When I was in school I was bullied a lot. In elementary school, I was attacked by a kid named Larry (nicknamed "Moose" -- I assume for his IQ) in front of my house, but my mother ran out and stopped it. A kid named Roman and his friend Lauren enjoyed punching the top of my head in junior high. A kid in my neighborhood spit in my face twice, but ran away when I tried to retaliate.
I can't say my bullying was all that violent; it was more about humiliation. Mostly I ignored the occasional hit or insult. When I got to college I was determined to change. I entered a frail, scared geek. I wanted to leave a powerful man.
|My hopes. Also (almost) the name of a classic monster game.|
Free classes were offered in the evenings. I took massage hoping it would help me with women (it didn't). I took fencing hoping it would make me be cool (it didn't). I took martial arts hoping I would learn to defend myself (it... Well, I haven't been attacked, so I don't know).
We studied Tae Kwon Do, Judo, and Hapkido, three completely contradictory arts. We students were so confused, we fell down at the end of every session.
Or was that just part of the Judo training?
Anyway, what excited me most was the promise of board breaking. Almost every session I would ask Master Porzio ("Don't call me master.") if we could break boards with our hands. On the last day before summer, he took me to go
get wood get boards.
|"You kids stay off my lawn/lumber yard!"|
We visited a lumber yard, got some small boards (12x12x.5), and returned to school. As the most enthusiastic student, I got to go first. I stood before everyone, trembling with excitement (what martial arts practitioners and new age nutballs call "chi energy").
I thought I was going to punch the board, but Master Porzio ("Stop calling me master.") set the board up on blocks at my feet. He told me to punch down in a circular motion, like turning a steering wheel.
I punched the board like he said. Ow.
I tried again. Double ow.
He punched the board himself to see if the knot in the middle was a problem. It broke.
"It's a mental barrier. If you imagine yourself doing it, you will."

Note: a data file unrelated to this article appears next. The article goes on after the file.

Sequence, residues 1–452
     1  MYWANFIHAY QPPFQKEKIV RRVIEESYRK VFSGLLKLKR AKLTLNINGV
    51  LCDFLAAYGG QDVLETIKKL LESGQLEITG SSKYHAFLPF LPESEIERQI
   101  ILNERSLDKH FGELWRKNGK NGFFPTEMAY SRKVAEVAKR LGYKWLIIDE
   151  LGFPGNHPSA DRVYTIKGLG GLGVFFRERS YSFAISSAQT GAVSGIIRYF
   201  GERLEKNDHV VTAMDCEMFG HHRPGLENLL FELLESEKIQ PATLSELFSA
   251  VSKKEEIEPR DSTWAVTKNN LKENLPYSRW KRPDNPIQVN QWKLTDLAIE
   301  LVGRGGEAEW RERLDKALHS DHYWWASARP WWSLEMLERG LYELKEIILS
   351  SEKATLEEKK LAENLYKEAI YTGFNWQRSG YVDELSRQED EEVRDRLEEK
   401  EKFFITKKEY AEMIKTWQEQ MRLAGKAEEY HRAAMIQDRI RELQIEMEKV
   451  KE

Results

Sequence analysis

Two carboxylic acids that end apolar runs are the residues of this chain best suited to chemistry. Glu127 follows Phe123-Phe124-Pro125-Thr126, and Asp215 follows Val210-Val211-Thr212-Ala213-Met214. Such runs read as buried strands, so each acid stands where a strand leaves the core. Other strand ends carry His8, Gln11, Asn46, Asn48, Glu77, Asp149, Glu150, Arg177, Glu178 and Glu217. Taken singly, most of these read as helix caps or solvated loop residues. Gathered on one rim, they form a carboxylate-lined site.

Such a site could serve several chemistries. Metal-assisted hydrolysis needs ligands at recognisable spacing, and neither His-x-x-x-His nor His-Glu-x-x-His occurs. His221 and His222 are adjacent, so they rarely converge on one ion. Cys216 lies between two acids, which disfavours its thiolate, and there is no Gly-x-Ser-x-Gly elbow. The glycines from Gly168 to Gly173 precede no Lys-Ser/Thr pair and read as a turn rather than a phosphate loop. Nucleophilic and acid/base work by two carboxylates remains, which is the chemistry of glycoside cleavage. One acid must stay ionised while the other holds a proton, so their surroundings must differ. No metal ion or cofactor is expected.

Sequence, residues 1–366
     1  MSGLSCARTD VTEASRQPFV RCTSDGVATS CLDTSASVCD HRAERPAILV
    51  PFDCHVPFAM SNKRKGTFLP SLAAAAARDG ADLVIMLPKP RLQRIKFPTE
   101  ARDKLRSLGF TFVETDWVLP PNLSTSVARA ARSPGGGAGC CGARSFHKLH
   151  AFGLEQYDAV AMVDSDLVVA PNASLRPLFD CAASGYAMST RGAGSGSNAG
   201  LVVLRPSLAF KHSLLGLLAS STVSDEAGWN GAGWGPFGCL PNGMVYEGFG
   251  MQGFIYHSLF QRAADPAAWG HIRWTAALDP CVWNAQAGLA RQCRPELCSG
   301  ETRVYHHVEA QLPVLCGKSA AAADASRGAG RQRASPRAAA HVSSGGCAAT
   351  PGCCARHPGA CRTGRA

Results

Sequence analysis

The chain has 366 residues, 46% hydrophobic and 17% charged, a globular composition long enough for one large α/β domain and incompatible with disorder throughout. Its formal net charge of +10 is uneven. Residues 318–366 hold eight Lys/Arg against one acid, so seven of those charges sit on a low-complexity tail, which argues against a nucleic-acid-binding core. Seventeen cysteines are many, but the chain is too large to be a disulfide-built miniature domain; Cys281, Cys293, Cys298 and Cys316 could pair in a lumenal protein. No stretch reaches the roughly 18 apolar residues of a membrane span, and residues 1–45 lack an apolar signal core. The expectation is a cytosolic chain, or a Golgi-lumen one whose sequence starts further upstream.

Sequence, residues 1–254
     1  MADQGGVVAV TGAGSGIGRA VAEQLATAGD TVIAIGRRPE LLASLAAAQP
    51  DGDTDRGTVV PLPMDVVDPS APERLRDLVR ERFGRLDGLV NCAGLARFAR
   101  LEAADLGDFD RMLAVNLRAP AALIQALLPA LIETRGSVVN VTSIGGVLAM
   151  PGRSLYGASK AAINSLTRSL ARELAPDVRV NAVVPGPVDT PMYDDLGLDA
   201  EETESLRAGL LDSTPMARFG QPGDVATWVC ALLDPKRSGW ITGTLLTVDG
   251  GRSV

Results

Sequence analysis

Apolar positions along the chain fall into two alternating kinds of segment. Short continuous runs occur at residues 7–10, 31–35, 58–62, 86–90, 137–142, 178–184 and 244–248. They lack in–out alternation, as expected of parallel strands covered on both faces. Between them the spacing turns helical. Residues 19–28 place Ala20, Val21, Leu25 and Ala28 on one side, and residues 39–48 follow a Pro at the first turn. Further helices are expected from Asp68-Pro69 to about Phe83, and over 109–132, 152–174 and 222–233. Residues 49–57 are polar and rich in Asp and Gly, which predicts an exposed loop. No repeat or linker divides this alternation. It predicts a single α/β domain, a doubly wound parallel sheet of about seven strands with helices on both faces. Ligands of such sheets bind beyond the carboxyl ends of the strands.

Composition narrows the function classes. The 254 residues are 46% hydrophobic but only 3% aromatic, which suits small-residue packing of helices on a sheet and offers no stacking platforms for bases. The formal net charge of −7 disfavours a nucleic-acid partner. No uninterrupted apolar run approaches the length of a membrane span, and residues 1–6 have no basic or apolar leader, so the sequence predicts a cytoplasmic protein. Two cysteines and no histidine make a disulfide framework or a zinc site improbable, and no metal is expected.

Punch. Ow. Punch. Ow.
He let the other students try. They broke the boards with little problem. I went back to my room, then went back and watched for a bit. The other students broke boards all night long. They broke them with their palms, their heels.
I didn't try again.
It bothered me for years. Wasn't breaking mental barriers how you achieved success? If I couldn't break a board, would I fail at everything else?
When I decided to have an "ending regret" birthday, breaking a board was the first thing I wanted to do. I found a friend with a black belt who agreed to come over and help me.
First, I headed to the lumber yard.
No way I could break that.
|No. Freaking. Way.|
I went back and got 1/2 inch boards.
My wood The boards were really-eally narrow,
but thin enough to break.
The day came, and I met Master Markowitz ("Just call me Dave") to give him his payment.
|True fact: you can pay for martial arts instruction with burritos.|
Then we went back to my house, and I got
I put on my old judo gi (it still fit), but couldn't find my old white belt. I put on a red one from an old Society for Creative Anachronism outfit.
|SCA, making the world creepy one geek at a time!|
"That's not big enough," Dave said as I held up my
The thinner boards weren't the right dimensions and wouldn't break properly. Nervously, I showed him my
thick wood 1" boards.
"Yeah, that's fine," Dave ("Kyo Sa Nim Markowitz is more accurate.") said.
More next week.